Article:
Why would a car manufacturer promote sales of previously owned versions of its vehicles when its primary goal is to sell new ones? It is a very good question, and one that pertains to the Mercedes effort to get consumers to buy what it calls “Certified Pre-Owned” versions.
Mercedes has given potential customers a handful of strong reasons to buy its used cars. First among these is that the vehicles receive rigorous testing. This includes complete tests of the engine, drive train, electrical systems and outside appearance. Those things are not much beyond what most smart people would ask a dealer to do with a used car. Mercedes’ primary point about these reviews rests on the fact that the work is done by Mercedes mechanics at Mercedes dealers.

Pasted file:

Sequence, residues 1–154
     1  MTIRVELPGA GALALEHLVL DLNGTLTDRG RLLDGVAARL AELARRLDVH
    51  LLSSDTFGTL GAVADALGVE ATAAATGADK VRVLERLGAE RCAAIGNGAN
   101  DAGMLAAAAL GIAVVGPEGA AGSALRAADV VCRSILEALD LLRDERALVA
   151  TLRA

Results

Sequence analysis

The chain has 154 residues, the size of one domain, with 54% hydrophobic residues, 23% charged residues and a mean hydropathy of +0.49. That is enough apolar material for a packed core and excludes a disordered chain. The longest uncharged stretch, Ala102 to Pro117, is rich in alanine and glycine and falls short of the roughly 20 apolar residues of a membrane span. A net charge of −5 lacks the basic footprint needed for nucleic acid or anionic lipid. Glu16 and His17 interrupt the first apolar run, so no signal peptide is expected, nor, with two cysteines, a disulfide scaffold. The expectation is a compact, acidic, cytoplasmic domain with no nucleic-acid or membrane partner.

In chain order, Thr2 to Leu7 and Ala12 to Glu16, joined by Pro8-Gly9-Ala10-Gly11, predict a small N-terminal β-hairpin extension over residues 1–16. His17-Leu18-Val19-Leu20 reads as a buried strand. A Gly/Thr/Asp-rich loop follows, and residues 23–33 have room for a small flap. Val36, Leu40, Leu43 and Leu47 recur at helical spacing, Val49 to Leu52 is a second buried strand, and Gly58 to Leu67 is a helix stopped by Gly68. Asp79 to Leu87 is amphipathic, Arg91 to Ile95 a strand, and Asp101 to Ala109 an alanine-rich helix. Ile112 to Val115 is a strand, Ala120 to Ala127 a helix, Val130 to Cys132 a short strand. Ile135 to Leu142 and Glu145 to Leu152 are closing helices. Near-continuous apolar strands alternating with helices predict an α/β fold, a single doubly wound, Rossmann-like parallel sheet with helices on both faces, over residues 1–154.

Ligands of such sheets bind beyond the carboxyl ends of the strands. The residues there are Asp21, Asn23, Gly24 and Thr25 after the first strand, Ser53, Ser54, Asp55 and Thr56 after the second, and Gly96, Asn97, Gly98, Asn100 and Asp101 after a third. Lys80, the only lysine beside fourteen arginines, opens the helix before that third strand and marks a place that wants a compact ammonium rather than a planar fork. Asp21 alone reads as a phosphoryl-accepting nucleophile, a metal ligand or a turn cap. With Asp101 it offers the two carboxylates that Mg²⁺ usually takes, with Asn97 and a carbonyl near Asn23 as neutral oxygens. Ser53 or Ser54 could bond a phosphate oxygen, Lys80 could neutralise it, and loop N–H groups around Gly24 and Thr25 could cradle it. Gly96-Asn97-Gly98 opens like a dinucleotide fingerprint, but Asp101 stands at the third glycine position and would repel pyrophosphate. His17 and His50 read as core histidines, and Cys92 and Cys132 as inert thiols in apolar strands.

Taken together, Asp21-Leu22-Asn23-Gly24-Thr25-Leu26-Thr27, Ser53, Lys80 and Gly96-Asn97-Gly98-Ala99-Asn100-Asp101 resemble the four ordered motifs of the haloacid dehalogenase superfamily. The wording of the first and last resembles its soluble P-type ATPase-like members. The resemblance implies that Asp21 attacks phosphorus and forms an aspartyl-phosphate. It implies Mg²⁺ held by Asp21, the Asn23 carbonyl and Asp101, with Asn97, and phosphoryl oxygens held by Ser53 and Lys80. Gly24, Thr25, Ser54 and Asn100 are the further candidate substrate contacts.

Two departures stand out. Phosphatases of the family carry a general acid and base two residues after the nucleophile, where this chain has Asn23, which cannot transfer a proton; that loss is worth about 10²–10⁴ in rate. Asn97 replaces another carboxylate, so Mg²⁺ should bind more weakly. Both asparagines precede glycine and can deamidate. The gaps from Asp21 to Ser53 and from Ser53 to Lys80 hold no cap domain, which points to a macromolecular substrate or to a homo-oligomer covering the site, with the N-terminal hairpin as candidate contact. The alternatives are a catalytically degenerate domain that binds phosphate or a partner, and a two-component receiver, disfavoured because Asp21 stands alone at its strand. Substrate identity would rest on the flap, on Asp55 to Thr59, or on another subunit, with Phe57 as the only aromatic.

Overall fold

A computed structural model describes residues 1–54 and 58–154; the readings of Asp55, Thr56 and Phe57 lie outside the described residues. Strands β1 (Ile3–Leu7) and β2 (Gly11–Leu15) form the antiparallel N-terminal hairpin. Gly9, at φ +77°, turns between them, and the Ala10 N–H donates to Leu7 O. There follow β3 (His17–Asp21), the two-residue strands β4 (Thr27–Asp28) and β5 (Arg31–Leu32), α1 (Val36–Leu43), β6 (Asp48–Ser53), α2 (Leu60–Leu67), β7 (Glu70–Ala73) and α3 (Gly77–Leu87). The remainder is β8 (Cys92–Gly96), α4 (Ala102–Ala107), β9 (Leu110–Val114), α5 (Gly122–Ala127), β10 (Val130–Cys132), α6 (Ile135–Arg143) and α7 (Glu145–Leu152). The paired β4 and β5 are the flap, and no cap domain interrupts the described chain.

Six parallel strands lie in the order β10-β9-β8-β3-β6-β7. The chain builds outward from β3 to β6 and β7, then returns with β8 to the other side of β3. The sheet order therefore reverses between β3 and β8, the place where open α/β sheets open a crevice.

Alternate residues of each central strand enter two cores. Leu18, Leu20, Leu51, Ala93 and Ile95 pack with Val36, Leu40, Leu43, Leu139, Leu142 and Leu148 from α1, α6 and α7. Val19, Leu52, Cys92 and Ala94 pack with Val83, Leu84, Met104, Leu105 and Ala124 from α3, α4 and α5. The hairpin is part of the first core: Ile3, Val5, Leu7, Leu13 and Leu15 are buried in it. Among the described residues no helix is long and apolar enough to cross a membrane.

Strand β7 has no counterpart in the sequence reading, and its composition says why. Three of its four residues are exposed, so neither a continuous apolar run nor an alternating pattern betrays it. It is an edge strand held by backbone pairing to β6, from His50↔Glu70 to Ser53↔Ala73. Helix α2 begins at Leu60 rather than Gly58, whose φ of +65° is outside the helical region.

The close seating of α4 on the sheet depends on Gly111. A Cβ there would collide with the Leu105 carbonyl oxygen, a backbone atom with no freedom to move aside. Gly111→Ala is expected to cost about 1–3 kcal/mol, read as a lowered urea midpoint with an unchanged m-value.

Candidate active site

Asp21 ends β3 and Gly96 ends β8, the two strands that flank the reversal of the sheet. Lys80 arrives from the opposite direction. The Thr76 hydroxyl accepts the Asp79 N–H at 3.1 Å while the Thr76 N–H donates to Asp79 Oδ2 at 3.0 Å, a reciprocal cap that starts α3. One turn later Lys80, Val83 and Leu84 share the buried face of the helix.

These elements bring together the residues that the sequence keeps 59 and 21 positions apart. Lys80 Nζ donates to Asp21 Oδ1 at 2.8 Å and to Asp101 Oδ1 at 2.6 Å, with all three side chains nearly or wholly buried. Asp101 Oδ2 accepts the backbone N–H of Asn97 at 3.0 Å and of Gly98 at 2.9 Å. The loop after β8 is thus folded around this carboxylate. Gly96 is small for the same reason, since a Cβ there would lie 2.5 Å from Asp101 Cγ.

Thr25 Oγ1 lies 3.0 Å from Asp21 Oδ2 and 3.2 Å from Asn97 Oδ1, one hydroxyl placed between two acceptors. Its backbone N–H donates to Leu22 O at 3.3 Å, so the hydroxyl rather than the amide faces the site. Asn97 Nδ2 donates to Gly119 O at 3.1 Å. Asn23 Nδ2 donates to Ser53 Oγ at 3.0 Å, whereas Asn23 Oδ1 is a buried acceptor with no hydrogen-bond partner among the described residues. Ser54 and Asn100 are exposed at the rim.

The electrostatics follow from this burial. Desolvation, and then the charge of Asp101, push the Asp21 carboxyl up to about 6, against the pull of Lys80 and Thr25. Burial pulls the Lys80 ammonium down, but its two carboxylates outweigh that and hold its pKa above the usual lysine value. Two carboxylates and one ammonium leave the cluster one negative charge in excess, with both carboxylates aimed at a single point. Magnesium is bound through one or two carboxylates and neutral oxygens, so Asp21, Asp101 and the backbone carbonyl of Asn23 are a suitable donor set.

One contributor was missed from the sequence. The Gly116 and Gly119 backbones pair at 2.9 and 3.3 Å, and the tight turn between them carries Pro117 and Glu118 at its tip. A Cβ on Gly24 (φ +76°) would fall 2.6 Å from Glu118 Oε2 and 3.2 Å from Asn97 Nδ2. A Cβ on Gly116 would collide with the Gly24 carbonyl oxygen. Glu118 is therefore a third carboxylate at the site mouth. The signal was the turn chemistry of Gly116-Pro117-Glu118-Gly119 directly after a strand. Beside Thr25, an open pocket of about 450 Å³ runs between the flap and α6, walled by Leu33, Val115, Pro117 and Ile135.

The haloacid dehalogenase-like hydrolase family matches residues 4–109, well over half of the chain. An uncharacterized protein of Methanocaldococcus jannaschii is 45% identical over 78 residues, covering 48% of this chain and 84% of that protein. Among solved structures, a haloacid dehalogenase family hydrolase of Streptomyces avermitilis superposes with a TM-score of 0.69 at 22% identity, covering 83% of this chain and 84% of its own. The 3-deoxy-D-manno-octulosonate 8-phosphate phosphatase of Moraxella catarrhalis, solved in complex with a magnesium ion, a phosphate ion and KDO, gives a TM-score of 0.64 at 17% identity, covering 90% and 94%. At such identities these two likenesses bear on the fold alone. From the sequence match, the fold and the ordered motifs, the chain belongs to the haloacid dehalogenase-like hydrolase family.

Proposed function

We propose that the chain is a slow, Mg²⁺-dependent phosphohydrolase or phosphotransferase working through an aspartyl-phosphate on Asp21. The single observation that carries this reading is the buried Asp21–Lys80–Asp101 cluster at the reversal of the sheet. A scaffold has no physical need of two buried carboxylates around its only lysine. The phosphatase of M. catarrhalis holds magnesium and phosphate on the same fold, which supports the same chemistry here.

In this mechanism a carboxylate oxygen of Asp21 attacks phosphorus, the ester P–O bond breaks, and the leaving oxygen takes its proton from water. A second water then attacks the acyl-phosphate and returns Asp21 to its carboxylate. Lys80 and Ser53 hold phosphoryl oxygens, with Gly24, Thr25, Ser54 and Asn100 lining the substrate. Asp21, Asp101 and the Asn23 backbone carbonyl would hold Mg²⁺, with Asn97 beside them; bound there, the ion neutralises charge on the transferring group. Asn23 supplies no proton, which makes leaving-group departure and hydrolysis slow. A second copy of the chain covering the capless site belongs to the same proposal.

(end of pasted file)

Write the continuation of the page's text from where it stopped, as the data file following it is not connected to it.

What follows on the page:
Mercedes does stand by the work of its mechanics and the overall quality of the cars before inspection. The warranties for these used vehicles often include unlimited mileage. Mercedes also offers prepaid mechanic service and 24/7 personal roadside assistance.
Mercedes offers two other services to sell its used cars. First is special financing packages that often run as long as 66 months. The interest rates vary and are as low as 1.99% for the company’s E-Class. And, finally, what would all these programs be worth if Mercedes did not help potential customers to find a dealer and search its inventory. So, it provides an online means to do so.
None of this tells why Mercedes goes to all the trouble. One reason is that it may be doing work on the part of its dealers. These dealers often make large margins on used cars. And Mercedes dealers do not want to compete with other outlets that sell them as well. By controlling supply, particularly via offering special services, Mercedes drives buyers toward their dealers, and not away from them. If the “Certified Pre-Owned” program is nothing else, it is a tool to improve dealer relations.